I had been remiss...........yeah me.......the guy who has more winch handle pockets than winch handles.....Yeah......... Me. everything in its place please pick that up..... ... you know the guy who makes a point of trying to have the storage location of everything picked out before it comes on the boat....... yeah that guy.......

Now you would think after boating 35 years of boating....... I would not place things where people step.... but I was in a hurry, we stopped by the boat on the way home from work.... on a night we were not going to stay onboard....

Yeah.......not a very good excuse....and of course I left those 15 bungies (with 30 hooks) laying out right where she took her first step down.....

and did I mention.....

She had one arm full of stuff from our foredeck work....

After drawing blood, wounding the admiral in the foot/leg, Foot where the deck shoe was cut, and leg where she fell on to the combing/winches. I had to pay for my reality check. I was rather gently reminded of my initiating events. The admiral was done for the evening. I knew there was no more discussion of safety issues. We both reflected on the events on our way home.

AS Leon has pointed out....

it can be anytime, anywhere, with anything. I should not forget my crews safety is more of a priority than the 1 minute I saved not put away unused equipment .

Thanks again for the lesson....... maybe I will learn it a little better this time.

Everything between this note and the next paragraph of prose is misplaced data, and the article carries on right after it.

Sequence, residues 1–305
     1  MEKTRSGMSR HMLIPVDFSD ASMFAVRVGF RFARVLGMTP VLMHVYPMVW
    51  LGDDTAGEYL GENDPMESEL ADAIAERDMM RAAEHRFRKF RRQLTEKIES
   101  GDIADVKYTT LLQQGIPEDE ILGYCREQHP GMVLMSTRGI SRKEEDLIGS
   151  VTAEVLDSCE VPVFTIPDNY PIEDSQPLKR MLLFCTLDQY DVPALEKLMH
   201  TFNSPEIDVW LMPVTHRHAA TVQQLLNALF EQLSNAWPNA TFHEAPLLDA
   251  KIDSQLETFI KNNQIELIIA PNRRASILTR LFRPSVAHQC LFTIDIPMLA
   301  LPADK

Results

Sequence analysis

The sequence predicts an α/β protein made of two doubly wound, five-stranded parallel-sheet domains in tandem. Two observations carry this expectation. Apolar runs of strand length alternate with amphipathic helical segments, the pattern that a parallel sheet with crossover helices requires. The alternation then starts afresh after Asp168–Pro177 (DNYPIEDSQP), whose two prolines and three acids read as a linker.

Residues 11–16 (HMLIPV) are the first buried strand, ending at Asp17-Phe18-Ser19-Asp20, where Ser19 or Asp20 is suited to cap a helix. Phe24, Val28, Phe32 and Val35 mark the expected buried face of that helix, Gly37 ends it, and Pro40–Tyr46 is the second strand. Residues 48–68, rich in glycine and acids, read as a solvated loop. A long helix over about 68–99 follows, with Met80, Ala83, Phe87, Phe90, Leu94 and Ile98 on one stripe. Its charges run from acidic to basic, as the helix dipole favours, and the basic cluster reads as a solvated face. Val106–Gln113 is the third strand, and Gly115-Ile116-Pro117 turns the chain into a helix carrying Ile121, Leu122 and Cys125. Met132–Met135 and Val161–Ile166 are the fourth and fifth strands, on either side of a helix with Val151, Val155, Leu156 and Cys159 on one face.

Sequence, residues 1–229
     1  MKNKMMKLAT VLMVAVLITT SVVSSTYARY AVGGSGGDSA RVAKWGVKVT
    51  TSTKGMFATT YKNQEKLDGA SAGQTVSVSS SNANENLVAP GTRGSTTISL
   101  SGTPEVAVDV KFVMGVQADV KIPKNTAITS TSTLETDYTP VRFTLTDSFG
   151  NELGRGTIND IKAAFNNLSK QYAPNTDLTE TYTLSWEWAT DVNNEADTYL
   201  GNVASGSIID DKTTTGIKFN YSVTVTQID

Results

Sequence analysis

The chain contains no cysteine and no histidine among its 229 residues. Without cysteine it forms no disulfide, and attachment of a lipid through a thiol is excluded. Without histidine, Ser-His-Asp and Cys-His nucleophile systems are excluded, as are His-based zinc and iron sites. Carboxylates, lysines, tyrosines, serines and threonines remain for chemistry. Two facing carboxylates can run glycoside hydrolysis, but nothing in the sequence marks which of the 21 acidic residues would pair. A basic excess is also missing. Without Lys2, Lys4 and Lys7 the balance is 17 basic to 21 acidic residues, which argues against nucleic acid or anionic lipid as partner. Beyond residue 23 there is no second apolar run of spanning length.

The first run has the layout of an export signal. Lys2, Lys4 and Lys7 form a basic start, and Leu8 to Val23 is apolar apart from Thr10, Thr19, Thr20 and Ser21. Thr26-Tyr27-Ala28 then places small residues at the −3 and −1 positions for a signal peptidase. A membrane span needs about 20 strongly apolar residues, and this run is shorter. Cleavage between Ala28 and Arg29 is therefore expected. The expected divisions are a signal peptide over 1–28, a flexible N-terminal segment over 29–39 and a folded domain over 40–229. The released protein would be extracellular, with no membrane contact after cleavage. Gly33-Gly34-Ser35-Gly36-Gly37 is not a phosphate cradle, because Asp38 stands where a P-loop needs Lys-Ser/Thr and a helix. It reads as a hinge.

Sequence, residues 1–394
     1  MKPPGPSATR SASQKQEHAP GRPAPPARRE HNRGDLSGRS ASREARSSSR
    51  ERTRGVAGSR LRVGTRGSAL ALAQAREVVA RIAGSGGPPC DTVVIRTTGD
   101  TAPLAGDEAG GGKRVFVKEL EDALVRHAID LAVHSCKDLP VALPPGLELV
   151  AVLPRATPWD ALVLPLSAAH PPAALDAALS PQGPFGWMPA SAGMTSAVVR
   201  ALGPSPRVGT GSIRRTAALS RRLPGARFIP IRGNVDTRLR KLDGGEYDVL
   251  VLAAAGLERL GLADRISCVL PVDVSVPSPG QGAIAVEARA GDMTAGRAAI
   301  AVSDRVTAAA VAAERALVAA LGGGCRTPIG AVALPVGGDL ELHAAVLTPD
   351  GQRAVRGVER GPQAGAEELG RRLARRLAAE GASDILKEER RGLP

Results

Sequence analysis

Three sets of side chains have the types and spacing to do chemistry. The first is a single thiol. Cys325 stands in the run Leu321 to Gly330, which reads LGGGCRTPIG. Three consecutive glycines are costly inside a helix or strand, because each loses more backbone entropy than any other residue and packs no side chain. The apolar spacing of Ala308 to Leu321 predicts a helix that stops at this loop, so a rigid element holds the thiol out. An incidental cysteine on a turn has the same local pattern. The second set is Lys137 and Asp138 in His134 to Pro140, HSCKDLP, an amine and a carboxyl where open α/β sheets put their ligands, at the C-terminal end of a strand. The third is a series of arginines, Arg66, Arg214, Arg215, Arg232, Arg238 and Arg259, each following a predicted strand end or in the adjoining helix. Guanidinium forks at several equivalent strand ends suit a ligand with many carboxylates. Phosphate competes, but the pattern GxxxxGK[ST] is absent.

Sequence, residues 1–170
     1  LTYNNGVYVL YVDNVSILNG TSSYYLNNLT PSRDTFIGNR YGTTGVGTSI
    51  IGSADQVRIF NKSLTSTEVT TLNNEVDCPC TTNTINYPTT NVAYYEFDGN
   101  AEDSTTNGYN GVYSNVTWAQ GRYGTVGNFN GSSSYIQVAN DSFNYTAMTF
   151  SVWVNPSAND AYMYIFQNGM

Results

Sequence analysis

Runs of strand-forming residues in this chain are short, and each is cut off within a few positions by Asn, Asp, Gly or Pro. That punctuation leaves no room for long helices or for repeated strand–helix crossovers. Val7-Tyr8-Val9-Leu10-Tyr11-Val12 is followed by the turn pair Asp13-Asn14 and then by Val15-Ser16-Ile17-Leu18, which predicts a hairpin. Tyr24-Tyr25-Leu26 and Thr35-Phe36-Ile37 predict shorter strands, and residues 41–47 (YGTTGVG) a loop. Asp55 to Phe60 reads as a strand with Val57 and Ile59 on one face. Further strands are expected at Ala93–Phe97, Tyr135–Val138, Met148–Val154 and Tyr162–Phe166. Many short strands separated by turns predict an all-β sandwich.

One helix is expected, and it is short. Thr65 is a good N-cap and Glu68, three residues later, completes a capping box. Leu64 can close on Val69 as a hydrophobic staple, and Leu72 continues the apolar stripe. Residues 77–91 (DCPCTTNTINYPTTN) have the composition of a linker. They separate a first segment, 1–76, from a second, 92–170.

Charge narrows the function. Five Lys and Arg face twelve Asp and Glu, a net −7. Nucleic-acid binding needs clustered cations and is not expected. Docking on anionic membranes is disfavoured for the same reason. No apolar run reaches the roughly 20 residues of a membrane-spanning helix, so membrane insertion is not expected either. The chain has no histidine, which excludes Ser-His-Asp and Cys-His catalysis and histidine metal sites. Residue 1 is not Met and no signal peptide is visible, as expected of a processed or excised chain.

|>
Last edited by waternwaves on Tue May 12, 2009 5:10 pm, edited 1 time in total.

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Re: Injured Admiral, a MacHero, The story must be told

Post by SkiDeep2001 » Tue May 12, 2009 4:10 pm

:) Thanks delevi, eases my mind some 8)

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Re: Injured Admiral, a MacHero, The story must be told

Post by bastonjock » Tue May 12, 2009 4:59 pm

Leon im so glad that it all ended well,i was hit by the boom on the head last year,i was going forward to tie the sail down,i had the boom in the mast crutch and the mainsheet in tight,my wife was on the helm and a wave came through and turned the boat it was enough to cause the boom to jump out of the crutch and boy did it hurt.I made the situation safe then my daughter broke open the first aid kit and cleaned the cut up.

with my x i keep my rudders loose when im in shallow water as they act as a depth guage,my electronic depth guage is not reliable in shallow water,i think that the sediment causes it confusion.

im booked in to do a first aid course this year that is geared up for sailing,its not a legal requirement but something that i consider a wise move.

im very happy that it all ended well, and your wife gets an attagirl :D

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Re: Injured Admiral, a MacHero, The story must be told

Post by delevi » Wed May 13, 2009 1:11 am

Darrin,

Youch! Sorry to hear that. True, we should all be more vigillant, but I guess the moral of the sotry is; sometimes sh*t happens no matter what you do. Life is kind of like that.